I've just seen a dress rehearsal for a production of "Antigone" in New York. Not Sophocles' version, but a modern retelling that Jean Anouilh wrote in 1942.
I was to leave the theater thinking big thoughts about what it is to be human. I guess I did, but in a peculiar way: I was thinking about what it is to be the University of Michigan's president, Mary Sue Coleman.
What linked her in my mind with Anouilh's tragic heroine was one of the play's watchcries: "It's easy to say no."
Creon is the king of Thebes and Antigone's uncle. He has had his nephew Polynices, Antigone's brother, killed for conspiring against the city, and as a public example has left him unburied. Rather than allowing her brother's body to rot in the open, Antigone buries him herself, even though the penalty for that defiance is death.
Creon tries to dissuade her from what she views as "doing the right thing." "It's easy to say no," he tells her, and "wait for them to kill you." But wouldn't it be better to say yes? That is, grapple with the reality that life presents challenges, and strive for the possible rather than for the ideal?
Here's where Ms. Coleman comes in.Creon's message is one that voters in Michigan should heed next week on Proposition 2, which would bar racial preferences in public institutions.To say yes to Proposition 2 is to engage the real world and try to make it better.
Ms. Coleman, however, embodies the idea that saying no would be the activist position. I will never forget the 2003 photos of her beaming on the Supreme Court steps after the racial preference policies of the university's law school were upheld.
But telling black people, "You can only compete under ideal conditions" is telling not just Republicans, but also black people, no. Ms. Coleman, like Antigone, is striking a pose in neglect of larger consequences.Those prepared to vote no on Proposition 2 must look inward and consider whether their vote is for progress or a mere protest vote against "bad people" trying to "undo the civil rights movement."
For instance, one searches the civil rights archives in vain for calls to lower standards for black people to make up for the past. And that is how racial preferences typically play out. Even the Supreme Court, while upholding Michigan's law school policy, couldn't resist deep-sixing the undergraduate one, under which being black meant an automatic 20 points while a perfect SAT got you only 12.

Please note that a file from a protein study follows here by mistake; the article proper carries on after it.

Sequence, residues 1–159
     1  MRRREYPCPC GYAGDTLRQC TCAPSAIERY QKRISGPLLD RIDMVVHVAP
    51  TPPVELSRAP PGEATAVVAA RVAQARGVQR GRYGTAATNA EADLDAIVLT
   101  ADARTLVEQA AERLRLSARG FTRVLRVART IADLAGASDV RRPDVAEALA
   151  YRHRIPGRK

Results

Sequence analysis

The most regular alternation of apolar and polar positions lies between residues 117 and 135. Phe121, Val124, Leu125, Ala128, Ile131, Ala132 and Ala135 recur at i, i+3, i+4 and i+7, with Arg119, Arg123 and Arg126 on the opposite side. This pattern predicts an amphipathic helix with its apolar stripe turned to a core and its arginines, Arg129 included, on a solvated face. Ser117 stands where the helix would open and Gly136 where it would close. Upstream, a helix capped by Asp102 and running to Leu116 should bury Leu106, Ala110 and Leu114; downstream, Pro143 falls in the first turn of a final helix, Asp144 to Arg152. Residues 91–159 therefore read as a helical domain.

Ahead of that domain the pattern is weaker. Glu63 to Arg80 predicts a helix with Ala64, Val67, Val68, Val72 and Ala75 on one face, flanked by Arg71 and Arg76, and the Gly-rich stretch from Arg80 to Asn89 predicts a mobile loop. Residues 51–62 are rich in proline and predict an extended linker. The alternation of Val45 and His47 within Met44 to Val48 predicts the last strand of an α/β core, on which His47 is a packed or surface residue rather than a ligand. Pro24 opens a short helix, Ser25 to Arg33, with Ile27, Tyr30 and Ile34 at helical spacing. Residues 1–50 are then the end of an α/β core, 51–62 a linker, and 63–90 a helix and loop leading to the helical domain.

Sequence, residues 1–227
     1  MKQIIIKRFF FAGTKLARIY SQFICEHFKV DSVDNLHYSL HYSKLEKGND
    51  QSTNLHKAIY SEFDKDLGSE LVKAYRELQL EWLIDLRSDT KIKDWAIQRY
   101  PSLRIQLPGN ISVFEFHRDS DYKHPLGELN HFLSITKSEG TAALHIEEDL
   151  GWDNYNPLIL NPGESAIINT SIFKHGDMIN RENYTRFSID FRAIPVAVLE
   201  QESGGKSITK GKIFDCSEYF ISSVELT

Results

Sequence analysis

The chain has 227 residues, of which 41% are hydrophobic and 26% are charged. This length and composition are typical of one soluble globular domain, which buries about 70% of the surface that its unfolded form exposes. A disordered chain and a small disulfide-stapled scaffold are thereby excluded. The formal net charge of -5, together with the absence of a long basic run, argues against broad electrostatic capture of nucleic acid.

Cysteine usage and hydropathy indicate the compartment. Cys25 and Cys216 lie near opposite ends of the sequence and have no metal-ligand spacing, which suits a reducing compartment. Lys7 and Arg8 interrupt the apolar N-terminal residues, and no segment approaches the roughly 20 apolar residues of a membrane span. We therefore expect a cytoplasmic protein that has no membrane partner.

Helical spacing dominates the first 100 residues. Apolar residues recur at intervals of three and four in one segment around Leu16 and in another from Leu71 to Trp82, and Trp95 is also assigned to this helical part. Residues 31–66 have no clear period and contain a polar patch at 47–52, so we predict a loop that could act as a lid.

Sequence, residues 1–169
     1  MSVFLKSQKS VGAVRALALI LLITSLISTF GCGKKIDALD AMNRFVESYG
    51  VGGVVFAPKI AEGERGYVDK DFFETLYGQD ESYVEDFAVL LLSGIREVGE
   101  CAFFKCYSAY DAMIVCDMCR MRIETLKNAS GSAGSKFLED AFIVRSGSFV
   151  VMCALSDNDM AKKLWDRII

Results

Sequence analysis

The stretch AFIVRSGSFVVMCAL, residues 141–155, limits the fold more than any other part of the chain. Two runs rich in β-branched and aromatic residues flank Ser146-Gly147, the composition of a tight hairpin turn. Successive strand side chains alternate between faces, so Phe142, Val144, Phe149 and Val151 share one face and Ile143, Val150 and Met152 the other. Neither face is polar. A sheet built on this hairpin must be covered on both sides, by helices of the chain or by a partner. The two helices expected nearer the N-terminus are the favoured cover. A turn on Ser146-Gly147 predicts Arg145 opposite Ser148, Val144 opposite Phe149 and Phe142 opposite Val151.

Poverty is not the issue. Most black families today are not poor.The question is why so few middle-class black students hit the highest note on grades and test scores.
Remedying this situation means combating the tendency for black teens to tease black nerds for "acting white." It means a conversation in the black community about raising children who hit the books.
It does not mean shrinking from real competition until America is perfect.
Creon tells Antigone that giving in like this is too cowardly. He even lets her in on the fact that unbeknownst to her, Polynices was a mere "mindless party animal, a vicious little carnivore." (The production's script is a flinty translation from the French by, incidentally, Edward Teller's grandson of all people!)
In the same way, diversity rhetoric is a Trojan horse. In law schools, where lowering standards to wangle "enough" black students is routine, over half of black law students end up in the lowest 10% of their classes after the first year (one in 20 whites do). Further, the Mary Sue Colemans are so happy to have diverse faces around, but the "diverse" hate being singled out as such. "We are not here to provide diversity training for Kate or Timmy," growls a guide to student life at Harvard written by black students.
As for "resegregation," how about this: The year before preferences were banned at the University of California, exactly one black freshman made honors at the University of California San Diego. But in 1999 after the ban, 20% of the honors freshmen at San Diego were black.The reason was that black students who formerly were admitted to the flagship schoolsUC Berkeley and UCLAunder the bar, now placed into fine second-tier schools like UC San Diego.This is not resegregation but reshuffling, and those who fail to see progress in it are saying no as a gesture, not out of sincere concern.
"To say yes, you have to sweat, roll up your sleeves, seize life with both hands and plunge into it up to the elbows," Creon implores Antigone. "You grab the wheel, you right the ship in the face of a mountain of water."
Yet in the end, even knowing now that Polynices was a lout, Antigone decides that she wants to live only under conditions of perfect happiness, and that therefore, dying for an idle posture remains worthwhile. We moderns might think of that utopian chestnut, the "level playing field," for instance.
She cannot say yes, and she dies. I'll be watching her die again when I attend the play's premiere next week (the company is QED Productions). I hope I will not have to see her as a stand-in for the Michigan voter who thinks that it is forward thinking to say no.
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